In-depth

Do digital assistants need to be more conversational?

AI is exciting, but conversation between man and machine is still stilted and unnatural

Digital assistants such as Amazon's Alexa, Apple's Siri or Google's eponymous offering have never been more popular with consumers, and business use is looking likely to follow suit. With life becoming more hectic and busy, the choice to automate certain tasks or render them hands-free is appealing across the board, in both our personal lives and our lives at work.

This technology is still in its early stages, but it's evolving quickly. As strides forward in artificial intelligence hit the headlines almost daily, it's plausible that these in-home and office devices will adopt a far more conversational and "human" quality.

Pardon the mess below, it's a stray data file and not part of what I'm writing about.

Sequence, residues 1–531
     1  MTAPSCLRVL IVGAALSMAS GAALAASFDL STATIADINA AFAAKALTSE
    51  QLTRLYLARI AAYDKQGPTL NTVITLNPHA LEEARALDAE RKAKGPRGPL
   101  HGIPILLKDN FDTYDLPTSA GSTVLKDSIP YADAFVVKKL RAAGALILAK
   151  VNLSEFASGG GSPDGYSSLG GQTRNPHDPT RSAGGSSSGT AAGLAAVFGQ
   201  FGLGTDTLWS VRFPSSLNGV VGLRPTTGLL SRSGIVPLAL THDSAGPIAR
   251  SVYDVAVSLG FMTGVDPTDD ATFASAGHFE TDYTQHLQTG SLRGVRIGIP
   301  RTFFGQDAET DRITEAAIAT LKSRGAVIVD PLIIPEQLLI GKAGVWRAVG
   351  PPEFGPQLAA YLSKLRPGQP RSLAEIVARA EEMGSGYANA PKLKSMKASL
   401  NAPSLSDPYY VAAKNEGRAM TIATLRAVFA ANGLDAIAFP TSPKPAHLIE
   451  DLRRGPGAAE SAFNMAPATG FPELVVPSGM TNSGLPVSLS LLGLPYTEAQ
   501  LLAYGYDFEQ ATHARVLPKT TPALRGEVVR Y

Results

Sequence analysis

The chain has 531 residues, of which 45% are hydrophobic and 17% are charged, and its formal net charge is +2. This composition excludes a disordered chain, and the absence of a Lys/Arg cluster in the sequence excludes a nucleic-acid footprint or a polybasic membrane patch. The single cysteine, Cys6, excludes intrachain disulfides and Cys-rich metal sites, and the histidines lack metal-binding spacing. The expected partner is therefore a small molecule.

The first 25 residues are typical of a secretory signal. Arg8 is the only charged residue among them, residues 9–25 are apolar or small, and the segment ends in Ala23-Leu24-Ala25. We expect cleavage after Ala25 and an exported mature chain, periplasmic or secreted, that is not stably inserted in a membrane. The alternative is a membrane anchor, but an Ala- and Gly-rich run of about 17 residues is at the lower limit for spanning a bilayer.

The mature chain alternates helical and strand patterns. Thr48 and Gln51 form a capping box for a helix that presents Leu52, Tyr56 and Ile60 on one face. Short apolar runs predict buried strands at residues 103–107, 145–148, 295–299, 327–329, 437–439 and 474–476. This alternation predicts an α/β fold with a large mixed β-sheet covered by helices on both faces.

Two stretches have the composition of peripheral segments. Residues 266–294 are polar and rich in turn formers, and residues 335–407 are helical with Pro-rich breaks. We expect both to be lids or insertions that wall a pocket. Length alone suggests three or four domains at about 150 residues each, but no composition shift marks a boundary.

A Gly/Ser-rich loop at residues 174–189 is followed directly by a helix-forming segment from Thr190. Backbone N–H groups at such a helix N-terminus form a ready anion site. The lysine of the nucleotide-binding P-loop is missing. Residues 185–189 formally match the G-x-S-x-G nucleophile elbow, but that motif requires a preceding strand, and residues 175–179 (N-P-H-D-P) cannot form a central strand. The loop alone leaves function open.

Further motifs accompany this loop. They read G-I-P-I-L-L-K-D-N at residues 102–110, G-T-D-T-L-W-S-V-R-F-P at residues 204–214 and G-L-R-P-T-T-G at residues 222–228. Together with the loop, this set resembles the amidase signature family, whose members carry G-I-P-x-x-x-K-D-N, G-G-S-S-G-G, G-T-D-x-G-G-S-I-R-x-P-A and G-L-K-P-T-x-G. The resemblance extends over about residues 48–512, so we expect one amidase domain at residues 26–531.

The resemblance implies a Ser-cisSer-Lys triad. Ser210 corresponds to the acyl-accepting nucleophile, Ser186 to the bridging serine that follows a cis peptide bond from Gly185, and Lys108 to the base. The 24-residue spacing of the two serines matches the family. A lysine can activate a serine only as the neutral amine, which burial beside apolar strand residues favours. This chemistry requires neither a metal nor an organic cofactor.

Nuance, interpretation and engagement

"One of the key differentiators between man and machine has always been that we can understand and interpret emotion, but this will not remain in the human domain," says Shashi Nirale, senior vice president and SBU head at Servion Global Solutions. "While it might seem alien now to be talking about emotionally engaging with a machine, the virtual assistants that we interact with in just a few years will be a far cry from the majority of modern iterations."

Currently, Alexa, Siri and their competitors are limited by their purpose to deliver information and answers to the user without engaging any further. While this rightly feels like an advanced step forwards right now, it's also likely to quickly become quaint as related strides in AI take shape.